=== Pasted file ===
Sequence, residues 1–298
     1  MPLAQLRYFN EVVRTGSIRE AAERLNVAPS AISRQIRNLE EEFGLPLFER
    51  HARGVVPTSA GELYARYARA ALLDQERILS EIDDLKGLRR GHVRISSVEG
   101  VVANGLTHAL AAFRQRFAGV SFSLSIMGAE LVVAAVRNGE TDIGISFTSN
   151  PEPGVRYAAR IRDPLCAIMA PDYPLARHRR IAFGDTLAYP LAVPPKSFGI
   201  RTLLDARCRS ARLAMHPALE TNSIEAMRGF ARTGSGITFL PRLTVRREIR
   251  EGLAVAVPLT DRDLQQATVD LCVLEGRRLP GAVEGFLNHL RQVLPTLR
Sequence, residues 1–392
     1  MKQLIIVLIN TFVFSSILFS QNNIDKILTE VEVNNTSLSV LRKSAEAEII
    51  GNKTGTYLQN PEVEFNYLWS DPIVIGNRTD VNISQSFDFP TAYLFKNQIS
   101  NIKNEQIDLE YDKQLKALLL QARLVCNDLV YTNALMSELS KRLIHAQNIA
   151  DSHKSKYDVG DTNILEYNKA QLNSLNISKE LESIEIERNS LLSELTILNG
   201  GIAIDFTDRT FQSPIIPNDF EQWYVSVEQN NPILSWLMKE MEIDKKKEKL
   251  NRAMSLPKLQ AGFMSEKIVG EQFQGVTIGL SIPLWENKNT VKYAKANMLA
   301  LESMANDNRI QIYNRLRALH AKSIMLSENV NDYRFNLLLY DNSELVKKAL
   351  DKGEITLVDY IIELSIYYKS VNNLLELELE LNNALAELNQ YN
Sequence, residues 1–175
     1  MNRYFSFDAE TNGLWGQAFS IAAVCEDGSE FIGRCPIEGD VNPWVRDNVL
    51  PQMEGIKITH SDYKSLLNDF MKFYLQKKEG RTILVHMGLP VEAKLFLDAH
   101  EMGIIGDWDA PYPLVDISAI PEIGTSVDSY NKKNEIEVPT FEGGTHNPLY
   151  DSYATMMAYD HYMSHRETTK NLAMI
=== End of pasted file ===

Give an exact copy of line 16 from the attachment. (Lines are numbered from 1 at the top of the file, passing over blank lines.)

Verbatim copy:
   351  DKGEITLVDY IIELSIYYKS VNNLLELELE LNNALAELNQ YN